Session: Communities: Traits And Functional Diversity 1
Morphological volumes, trade-offs, and biodiversity maintenance in ants
Monday, August 2, 2021
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Javier Ibarra-Isassi, Biology, Concordia University, Montréal, QC, Canada, I. Tanya Handa, Département des sciences biologiques, Université du Québec à Montréal, Montréal, QC, Canada and Jean-Philippe Lessard, Department of Biology, Concordia University, Montreal, QC, Canada
Biology, Concordia University Montréal, QC, Canada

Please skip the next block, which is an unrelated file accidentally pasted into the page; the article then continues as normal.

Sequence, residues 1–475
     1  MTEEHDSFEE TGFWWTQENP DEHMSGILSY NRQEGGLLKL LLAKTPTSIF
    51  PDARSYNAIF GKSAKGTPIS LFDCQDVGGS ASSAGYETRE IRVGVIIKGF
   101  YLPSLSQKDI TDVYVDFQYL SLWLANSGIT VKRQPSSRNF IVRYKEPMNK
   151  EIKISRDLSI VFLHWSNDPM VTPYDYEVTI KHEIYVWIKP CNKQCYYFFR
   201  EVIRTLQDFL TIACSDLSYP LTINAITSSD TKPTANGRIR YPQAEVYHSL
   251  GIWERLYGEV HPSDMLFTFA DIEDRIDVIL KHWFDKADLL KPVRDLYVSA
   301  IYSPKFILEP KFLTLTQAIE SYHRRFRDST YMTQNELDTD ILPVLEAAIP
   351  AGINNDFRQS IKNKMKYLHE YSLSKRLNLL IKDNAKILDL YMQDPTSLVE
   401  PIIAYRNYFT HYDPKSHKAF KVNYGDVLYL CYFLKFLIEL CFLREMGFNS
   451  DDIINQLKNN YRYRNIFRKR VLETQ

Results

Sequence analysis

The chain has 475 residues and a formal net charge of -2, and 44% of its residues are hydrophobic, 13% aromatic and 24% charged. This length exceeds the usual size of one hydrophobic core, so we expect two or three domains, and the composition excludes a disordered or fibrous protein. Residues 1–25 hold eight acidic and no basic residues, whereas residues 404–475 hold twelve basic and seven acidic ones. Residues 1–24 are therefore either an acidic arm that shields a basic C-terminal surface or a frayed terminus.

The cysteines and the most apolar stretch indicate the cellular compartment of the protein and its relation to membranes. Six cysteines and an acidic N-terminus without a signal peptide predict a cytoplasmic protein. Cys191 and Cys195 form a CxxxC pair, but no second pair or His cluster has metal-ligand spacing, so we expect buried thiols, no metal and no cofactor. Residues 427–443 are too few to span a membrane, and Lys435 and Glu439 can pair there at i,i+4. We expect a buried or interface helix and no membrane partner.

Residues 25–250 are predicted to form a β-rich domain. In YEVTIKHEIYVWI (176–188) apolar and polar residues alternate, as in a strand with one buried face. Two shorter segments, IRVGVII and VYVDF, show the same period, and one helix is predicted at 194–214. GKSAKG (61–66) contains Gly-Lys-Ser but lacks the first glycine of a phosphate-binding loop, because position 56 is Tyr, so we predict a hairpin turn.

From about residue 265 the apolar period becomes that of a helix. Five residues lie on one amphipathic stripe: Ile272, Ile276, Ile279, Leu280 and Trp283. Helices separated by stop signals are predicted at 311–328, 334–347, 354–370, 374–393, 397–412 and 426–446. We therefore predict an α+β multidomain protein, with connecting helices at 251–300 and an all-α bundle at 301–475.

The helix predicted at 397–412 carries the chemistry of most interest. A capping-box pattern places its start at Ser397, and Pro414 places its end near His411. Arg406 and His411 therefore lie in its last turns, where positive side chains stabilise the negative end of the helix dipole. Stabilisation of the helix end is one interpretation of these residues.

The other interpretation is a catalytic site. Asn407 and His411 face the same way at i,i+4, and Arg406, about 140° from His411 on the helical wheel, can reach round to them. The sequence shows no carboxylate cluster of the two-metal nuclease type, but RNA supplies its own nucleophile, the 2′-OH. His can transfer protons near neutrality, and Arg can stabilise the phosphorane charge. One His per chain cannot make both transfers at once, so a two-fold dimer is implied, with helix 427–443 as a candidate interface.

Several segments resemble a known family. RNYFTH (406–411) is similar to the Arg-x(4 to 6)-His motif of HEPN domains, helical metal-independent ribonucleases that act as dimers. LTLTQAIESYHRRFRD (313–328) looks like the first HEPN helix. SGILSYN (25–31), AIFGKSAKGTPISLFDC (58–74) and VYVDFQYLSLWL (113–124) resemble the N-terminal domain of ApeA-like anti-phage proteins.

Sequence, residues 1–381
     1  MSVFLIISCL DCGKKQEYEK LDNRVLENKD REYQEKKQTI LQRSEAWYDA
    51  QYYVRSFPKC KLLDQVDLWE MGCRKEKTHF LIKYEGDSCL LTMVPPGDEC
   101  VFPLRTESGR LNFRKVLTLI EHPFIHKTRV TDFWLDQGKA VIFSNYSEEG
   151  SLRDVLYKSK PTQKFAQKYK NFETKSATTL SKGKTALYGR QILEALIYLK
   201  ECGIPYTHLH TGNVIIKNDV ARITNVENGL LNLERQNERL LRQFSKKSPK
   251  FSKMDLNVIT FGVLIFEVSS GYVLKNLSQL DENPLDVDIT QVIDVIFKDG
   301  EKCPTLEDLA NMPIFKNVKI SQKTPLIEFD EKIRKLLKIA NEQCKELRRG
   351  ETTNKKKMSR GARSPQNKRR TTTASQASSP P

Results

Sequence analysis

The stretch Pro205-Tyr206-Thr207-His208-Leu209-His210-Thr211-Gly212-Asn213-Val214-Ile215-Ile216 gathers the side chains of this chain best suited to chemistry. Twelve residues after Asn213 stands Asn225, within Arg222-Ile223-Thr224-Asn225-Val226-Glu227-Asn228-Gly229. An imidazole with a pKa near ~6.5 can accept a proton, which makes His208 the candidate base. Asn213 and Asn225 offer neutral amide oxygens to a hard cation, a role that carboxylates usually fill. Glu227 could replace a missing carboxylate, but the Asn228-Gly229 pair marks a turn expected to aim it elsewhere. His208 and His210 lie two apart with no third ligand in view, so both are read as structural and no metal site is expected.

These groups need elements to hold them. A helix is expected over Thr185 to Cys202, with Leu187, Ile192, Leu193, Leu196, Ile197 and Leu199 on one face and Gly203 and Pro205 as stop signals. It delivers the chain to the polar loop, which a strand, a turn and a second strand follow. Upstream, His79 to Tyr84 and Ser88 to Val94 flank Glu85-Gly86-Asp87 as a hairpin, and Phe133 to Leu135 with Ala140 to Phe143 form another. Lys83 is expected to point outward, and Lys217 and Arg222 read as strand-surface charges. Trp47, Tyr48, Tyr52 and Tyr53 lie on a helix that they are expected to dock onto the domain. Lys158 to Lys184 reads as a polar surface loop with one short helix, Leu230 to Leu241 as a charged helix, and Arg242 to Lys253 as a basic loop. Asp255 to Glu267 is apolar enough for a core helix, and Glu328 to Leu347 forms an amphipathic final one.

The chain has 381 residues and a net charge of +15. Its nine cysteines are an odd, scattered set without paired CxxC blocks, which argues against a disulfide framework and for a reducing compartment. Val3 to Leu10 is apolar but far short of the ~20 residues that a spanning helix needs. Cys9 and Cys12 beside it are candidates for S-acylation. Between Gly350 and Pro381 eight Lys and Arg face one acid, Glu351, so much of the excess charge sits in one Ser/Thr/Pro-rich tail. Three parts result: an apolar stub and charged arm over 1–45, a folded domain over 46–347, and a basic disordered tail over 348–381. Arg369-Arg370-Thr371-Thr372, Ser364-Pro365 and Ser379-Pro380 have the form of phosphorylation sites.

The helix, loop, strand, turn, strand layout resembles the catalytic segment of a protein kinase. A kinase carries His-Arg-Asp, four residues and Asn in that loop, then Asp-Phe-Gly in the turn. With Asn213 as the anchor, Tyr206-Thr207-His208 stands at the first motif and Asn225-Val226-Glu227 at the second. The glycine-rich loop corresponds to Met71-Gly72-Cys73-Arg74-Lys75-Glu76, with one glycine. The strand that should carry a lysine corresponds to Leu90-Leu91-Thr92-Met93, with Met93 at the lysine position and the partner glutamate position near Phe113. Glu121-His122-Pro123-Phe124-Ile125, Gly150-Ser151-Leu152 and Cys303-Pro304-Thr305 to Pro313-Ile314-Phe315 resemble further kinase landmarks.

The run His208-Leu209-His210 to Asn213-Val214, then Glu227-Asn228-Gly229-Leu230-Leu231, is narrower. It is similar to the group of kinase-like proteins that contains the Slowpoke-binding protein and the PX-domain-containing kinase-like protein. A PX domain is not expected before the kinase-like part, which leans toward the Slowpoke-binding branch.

Background/Question/Methods The maintenance of diversity is still the topic of much debate and a central focus of research in ecology. Ubiquitous, and highly diverse taxa such as ants have particularly puzzled many over the past decades. Evidence suggests that differences and trade-offs in morphological, physiological, phenological and behavioural traits are at the root of biodiversity maintenance. Differences in traits arise, and are maintained through time, as a result of selection leading to niche partitioning. However, the spectrum of trait variation observed in nature is constrained by developmental and ecological trade-offs. Thus, widely beneficial, but strongly constrained trait combinations will persist across the evolutionary tree. In ants, behavioural and physiological trade-offs have been explored in the context of local species co-existence. However, whether generalized morphological trade-offs exist across the ant phylogeny, and whether such trade-off play a role in the maintenance of global ant diversity, remains unexplored. In this study, we use data on 10 morphological traits of 808 ant species distributed in the New World to (1) explore the morphological trait spectrum of ants and (2) identify major morphological trade-offs, which may relate to the life strategies of ants. Results/Conclusions Our results show that workers occupy a larger volume of ant morphospace than queens. However, ant queens occupy morphological trait space more uniformly distributed than workers. Differences in the morphological volume occupied by the different castes indicate that even though they share the same genome, differential ecological, evolutionary and developmental forces impose different sets of constraints on queen and worker morphological diversification. Our results further show that ant morphological space is well defined along three axes of trait variation: eye size, appendage (leg and scape) length and head size. These three axes represent a three-way morphological trade-off for both castes, which may relate to the spectrum of life strategies observed in ants. Finally, these results provide the backdrop to investigate whether these trade-offs are consistent across phylogenetic scales, which would reinforce the hypothesis that trade-offs underline biodiversity maintenance.